The release of the 1964 report on smoking and health spurred our current tobacco control activities, and efforts increased dramatically beginning in the 1990s. In the early 1990s tobacco control advocates and policy makers focused on preventing children from initiating tobacco use. Congress included an important policy lever, known as the Synar Amendment to the Alcohol, Drug Abuse, and Mental Health Administration Reorganization Act,2 aimed at decreasing youth access to tobacco. The Synar program re-
2 ADAMHA Reorganization Act of 1992, Public Law 102-321, 102nd Cong. (July 10, 1992).
quires states to have laws in place prohibiting the sale and distribution of tobacco products to persons under the age of 18 and to enforce those laws effectively (SAMHSA, 2014). Failure to meet these requirements may result in a state losing 40 percent of its substance abuse prevention and treatment block grant. The Synar program is described in detail in Chapter 5.
In 1994 a committee convened by the Institute of Medicine (IOM) released the report Growing Up Tobacco Free (IOM, 1994). The report called for a comprehensive youth-oriented tobacco control strategy. The strategy included Congress establishing a regulatory program for tobacco products within an appropriate agency of the Public Health Service. In 1995 the commissioner of the Food and Drug Administration (FDA), Dr. David Kessler, famously declared smoking a “pediatric disease” because “nicotine addiction begins when most tobacco users are teen-agers” (Hilts, 1995). In 1996 FDA issued a final rule prohibiting the sale of cigarettes and smokeless tobacco to any person under age 18 and imposing restrictions on the marketing, labeling, and advertising of tobacco products (HHS, 1996). While this 1996 rule was invalidated in 2000 by a Supreme Court decision ruling that FDA did not have the authority to regulate tobacco products,3 it was specifically incorporated in the Family Smoking Prevention and Tobacco Control Act of 20094 (hereafter referred to as the Tobacco Control Act).
The Master Settlement Agreement of 1998 (MSA) resulted from settlements between the attorneys general of 46 states and the 4 largest tobacco manufacturers (NAAG, 1998). The MSA required the companies to make annual payments to the states as compensation for some of the medical costs of caring for people with smoking-related diseases; to curtail or end certain tobacco marketing practices; and to dissolve tobacco industry organizations. The MSA also called for the establishment of a national foundation, which led to the creation of the American Legacy Foundation, a nonprofit tobacco control research and education organization known for its early and aggressive media campaigns about the dangers of tobacco use.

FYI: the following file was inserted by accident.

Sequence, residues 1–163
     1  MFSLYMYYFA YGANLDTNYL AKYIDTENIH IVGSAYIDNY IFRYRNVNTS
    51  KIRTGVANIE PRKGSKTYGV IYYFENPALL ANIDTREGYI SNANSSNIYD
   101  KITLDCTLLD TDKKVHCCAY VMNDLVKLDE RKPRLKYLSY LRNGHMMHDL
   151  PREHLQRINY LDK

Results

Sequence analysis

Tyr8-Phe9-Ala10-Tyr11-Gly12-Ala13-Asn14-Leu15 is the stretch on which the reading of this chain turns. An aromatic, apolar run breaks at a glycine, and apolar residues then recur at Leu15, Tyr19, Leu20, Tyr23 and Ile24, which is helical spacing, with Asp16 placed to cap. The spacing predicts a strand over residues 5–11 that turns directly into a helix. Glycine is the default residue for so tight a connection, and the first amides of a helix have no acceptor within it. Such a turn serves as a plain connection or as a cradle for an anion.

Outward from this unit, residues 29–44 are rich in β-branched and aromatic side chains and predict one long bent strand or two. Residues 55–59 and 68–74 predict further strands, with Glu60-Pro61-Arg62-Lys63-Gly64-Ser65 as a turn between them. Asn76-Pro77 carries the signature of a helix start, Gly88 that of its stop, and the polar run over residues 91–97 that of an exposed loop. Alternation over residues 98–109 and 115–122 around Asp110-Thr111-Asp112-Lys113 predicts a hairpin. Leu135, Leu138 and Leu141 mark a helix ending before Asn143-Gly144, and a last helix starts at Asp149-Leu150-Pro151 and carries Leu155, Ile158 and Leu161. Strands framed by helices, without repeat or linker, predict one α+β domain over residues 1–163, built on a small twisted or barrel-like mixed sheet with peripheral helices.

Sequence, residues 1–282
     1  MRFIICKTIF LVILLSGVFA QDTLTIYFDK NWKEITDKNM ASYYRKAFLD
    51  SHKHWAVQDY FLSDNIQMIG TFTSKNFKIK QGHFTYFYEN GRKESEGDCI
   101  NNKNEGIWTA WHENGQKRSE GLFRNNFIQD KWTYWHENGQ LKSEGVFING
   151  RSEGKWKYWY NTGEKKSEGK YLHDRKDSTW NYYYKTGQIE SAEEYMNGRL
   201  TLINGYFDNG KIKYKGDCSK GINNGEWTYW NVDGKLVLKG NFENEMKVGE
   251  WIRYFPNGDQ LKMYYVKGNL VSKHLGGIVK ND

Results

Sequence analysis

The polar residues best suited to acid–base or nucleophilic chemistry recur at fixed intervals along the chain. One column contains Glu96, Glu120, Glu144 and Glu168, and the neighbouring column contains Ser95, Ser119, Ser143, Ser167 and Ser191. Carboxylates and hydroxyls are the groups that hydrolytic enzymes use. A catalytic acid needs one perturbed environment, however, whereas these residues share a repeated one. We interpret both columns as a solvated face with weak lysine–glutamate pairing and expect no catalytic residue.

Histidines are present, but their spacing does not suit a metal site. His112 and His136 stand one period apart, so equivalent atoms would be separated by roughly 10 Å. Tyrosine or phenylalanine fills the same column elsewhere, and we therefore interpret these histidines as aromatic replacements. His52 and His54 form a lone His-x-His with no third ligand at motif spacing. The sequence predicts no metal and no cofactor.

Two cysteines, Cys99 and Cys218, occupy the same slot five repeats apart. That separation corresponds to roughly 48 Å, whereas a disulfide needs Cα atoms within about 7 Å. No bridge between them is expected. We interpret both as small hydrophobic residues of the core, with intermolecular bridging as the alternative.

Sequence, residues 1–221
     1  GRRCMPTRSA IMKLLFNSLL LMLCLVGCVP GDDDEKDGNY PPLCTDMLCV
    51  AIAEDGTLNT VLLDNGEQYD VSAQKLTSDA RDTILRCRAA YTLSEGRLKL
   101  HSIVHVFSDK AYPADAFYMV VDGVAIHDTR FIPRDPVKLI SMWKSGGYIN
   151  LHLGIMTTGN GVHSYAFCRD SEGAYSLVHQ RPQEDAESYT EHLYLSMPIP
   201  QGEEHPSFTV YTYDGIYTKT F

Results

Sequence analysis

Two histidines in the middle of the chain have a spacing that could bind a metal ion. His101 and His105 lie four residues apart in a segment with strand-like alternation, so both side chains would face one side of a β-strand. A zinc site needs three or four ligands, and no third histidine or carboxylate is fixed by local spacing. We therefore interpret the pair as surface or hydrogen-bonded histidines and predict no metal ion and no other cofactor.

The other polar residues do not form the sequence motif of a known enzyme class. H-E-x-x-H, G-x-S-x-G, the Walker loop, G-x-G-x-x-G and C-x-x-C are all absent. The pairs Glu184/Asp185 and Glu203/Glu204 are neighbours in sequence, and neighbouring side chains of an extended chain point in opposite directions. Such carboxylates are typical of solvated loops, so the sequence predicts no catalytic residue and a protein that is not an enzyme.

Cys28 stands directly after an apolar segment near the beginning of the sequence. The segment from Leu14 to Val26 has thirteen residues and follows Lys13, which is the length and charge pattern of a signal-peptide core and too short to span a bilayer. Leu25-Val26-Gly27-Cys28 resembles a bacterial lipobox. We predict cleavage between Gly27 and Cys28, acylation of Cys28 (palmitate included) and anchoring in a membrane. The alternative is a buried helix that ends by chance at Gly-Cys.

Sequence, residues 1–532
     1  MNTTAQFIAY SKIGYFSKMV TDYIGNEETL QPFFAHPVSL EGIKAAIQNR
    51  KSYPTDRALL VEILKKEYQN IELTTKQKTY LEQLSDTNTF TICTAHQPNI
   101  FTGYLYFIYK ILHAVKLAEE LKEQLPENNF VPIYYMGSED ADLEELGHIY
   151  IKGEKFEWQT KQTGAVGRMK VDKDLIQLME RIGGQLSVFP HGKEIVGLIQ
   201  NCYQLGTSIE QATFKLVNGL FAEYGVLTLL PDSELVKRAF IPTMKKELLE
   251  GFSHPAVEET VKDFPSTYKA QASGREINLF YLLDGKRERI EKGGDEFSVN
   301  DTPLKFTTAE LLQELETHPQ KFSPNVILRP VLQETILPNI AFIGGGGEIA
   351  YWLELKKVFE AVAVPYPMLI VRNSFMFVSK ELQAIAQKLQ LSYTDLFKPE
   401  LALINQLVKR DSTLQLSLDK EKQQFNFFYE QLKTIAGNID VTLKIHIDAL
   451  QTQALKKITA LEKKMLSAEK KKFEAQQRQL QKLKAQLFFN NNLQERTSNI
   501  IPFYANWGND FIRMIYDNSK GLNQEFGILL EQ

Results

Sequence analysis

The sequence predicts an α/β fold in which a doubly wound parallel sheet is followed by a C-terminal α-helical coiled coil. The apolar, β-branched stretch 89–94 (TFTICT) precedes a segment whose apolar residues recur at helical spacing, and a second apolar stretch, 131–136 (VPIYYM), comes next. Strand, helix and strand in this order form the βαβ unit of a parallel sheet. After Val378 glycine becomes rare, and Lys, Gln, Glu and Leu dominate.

The child-focused strategy, although not universally embraced (Craig and Boris, 2007; Glantz, 1996), galvanized attention and resources, and significant successes followed. For example, the proportion of students in grades 9 through 12 who had used tobacco products in the past 30 days (including cigarettes, smokeless tobacco products, and cigars) decreased 46.1 percent between 1997 and 2011, from 43.4 percent to 23.4 percent (CDC, 2012b). This remarkable progress sprung from a number of well-established policy levers: increased state and federal excise taxes, compre-
3FDA v. Brown & Williamson Tobacco Corp., 529 U.S. 120, 120 S. Ct. 1291, 146 L. Ed. 2d 121 (2000).
4 Family Smoking Prevention and Tobacco Control Act of 2009, Public Law 111-31, 111th Cong. (June 22, 2009).
hensive state tobacco control programs, smoke-free policies that help to denormalize smoking behavior and to decrease secondhand smoke exposure, national and local media campaigns to alert children and adolescents to the dangers of tobacco use and to de-glamorize the behavior, promotion of cessation strategies, school-based programs, and surveillance and evaluation.
Today, most tobacco control programs are administered at the state and local levels. States fund their tobacco control programs through a variety of revenue streams, including state general funds, federal government funding, tobacco industry settlement payments, cigarette excise taxes, and funding from nonprofit organizations. The Office on Smoking and Health at the Centers for Disease Control and Prevention (CDC) compiles and publishes an evidence-based guide to help states plan and establish effective tobacco control programs (CDC, 2014). CDC recommends that state programs be funded at $10.53 per person in the state population. While most states spend significantly less than that (CDC, 2012a), funding for state tobacco control programs has nonetheless been shown to be associated with decreases in adolescent and young adult smoking (Farrelly et al., 2013, 2014).
The Tobacco Control Act amended the Federal Food, Drug, and Cosmetic Act to grant FDA broad authority over tobacco products administered by a newly created Center for Tobacco Products (CTP) funded with user fees paid by the tobacco industry. The Tobacco Control Act directed FDA to, among other things, issue regulations to restrict cigarette and smokeless tobacco retail sales to youth and restrict tobacco product advertising and marketing to youth. (See Box 1-1 for a summary of the major components of the Tobacco Control Act.) On the other hand, the act specifically prohibits FDA from taking certain actions, including reducing nicotine levels in tobacco products to zero, requiring a prescription to purchase tobacco products, banning the face-to-face sale of tobacco products in any one specific category retail environment, banning specific classes of tobacco products, and establishing a minimum age of sale of tobacco products higher than 18 years of age.5 The Tobacco Control Act did, however, direct FDA to convene a panel of experts to conduct a study on “the public health implications of raising the minimum age to purchase tobacco products” and to submit a report to Congress on the issue.
5 Family Smoking Prevention and Tobacco Control Act of 2009, Public Law 111-31 § 906, 111th Cong. (June 22, 2009).
Key Components of the Family Smoking Prevention and Tobacco Control Act of 2009
What the Tobacco Control Act does
Restricts cigarettes and smokeless tobacco retail sales to youth by directing FDA to issue regulations which, among other things: